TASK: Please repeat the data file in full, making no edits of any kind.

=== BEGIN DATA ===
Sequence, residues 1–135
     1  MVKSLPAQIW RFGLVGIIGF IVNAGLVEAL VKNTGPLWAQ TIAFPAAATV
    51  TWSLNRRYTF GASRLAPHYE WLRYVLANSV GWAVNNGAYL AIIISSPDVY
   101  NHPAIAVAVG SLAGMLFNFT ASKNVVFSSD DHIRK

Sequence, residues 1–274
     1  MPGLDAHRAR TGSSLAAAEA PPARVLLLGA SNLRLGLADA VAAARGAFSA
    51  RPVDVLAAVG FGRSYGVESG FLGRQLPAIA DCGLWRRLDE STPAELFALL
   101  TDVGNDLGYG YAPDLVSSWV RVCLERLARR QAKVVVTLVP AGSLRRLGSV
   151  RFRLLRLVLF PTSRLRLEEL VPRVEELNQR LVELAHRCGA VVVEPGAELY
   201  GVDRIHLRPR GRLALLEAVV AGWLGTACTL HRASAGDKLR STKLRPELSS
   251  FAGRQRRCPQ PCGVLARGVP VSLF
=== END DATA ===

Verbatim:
Sequence, residues 1–135
     1  MVKSLPAQIW RFGLVGIIGF IVNAGLVEAL VKNTGPLWAQ TIAFPAAATV
    51  TWSLNRRYTF GASRLAPHYE WLRYVLANSV GWAVNNGAYL AIIISSPDVY
   101  NHPAIAVAVG SLAGMLFNFT ASKNVVFSSD DHIRK

Sequence, residues 1–274
     1  MPGLDAHRAR TGSSLAAAEA PPARVLLLGA SNLRLGLADA VAAARGAFSA
    51  RPVDVLAAVG FGRSYGVESG FLGRQLPAIA DCGLWRRLDE STPAELFALL
   101  TDVGNDLGYG YAPDLVSSWV RVCLERLARR QAKVVVTLVP AGSLRRLGSV
   151  RFRLLRLVLF PTSRLRLEEL VPRVEELNQR LVELAHRCGA VVVEPGAELY
   201  GVDRIHLRPR GRLALLEAVV AGWLGTACTL HRASAGDKLR STKLRPELSS
   251  FAGRQRRCPQ PCGVLARGVP VSLF